The Congressional Budget Office (CBO) has analyzed the research on the effects that policies to reduce greenhouse gases would have on employment.
Elizabeth C. Economy testifies before the U.S.-China Economic & Security Review Commission of the U.S. House of Representatives on China's evolving climate change diplomacy and relations with the developing world, as well as implications for the U.S. policy and investment.
Michael A. Levi and Katherine Michonski discuss the consequences of the World Bank's refusal to fund a controversial coal-fired power plant in South Africa.
As the international community continues to work toward emissions reductions, some climate scientists are turning to the concept of geoengineering-the deliberate manipulation of the Earth's climate-to offset the effects of climate change. The concept, however, raises scientific, political, and ethical questions. Join M. Granger Morgan and John D. Steinbruner to discuss the development of an international framework for geoengineering and the implications of these technologies for U.S. foreign policy.
Environmental economist Robert Stavins says Obama's energy plan is designed to make a climate bill more politically feasible, but he points out energy policy and climate policy often have different goals. Without cap-and-trade, it will be hard to meet the country's Copenhagen target, he notes.
Senator Mark Begich (D-Ak) and Senator Lisa Murkowski (R-Ak) speak to the Council on public and private strategies for adapting to climate change in Arctic Alaska. Scott G. Borgerson, visiting fellow for Ocean Governance at the Council, presides.
With some findings of the UN's Intergovernmental Panel on Climate Change in question, four experts debate how much the premier climate science review panel may need to make changes.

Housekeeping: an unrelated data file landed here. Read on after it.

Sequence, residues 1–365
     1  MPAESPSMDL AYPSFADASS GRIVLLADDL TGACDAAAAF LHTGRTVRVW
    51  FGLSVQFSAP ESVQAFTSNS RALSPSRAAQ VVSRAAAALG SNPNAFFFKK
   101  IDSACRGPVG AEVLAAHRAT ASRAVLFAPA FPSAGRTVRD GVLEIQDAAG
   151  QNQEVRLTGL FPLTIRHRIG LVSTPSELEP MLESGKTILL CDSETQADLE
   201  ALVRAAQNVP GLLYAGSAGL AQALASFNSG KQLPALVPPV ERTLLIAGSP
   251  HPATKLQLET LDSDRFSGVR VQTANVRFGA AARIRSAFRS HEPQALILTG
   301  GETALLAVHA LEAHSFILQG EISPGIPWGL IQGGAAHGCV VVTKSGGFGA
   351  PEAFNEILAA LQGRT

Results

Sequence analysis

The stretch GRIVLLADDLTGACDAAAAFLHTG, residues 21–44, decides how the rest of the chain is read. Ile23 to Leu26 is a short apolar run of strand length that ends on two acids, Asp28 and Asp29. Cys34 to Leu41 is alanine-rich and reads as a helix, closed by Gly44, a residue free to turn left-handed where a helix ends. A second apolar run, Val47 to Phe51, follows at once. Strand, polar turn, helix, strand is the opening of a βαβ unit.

Jagdish Bhagwati says that in a new climate change protocol rich countries must accept a tort liability for past emissions. All countries should accept liability for current emissions, although grace periods could be granted to developing countries.
Barbara Crosette explains why India often gives global governance the biggest headache.
Jennifer Morgan of the World Resouces Insitute reviews the main result from Copenhagen, an Accord that looks very different than what has come before.
Loss of forests is a major contributor to greenhouse-gas emissions. Plans to devise a policy tool for using trees for carbon dioxide sequestration are now under way.
David Corn and Kate Sheppard report on the varied reactions to President Obama's role in forming an agreement on climate change in Copenhagen.
We should not underestimate the importance of the European Union's committment to give about $10 Billion over three years in climate assistance to developing nations, writes Michael Levi.
Total CEO Christophe de Margerie says energy companies need firm direction from governments on how they should invest long term and urges global leaders to consider energy security along with the environment.
China's newly announced goal for cutting carbon intensity reflects important Chinese policy shifts of recent years, but fails to offer significant new measures to cut emissions, writes CFR's Michael Levi.
The authors argue that it is essential to begin working now to expand and establish rules and norms governing armed drones, thereby creating standards of behavior that other countries will be more likely to follow.
The author examines Pakistan's complex role in U.S. foreign policy and advocates for a two-pronged approach that works to quarantine threats while integrating Pakistan into the broader U.S. agenda in Asia.
The authors assess the political, security, and economic challenges facing U.S. policymakers in Afghanistan and evaluate a range of policy options.
Maximalist finds lessons in the past that anticipate and clarify our chaotic present, revealing the history of U.S. foreign policy in an unexpected new light. More
This clear and authoritative book presents a sweeping account of China's global resource quest and the unrivaled expansion of its economy. More
The story of the tragic and often tormented relationship between the United States and Pakistan, and a call to prepare for the worst, aim for the best, and avoid past mistakes. More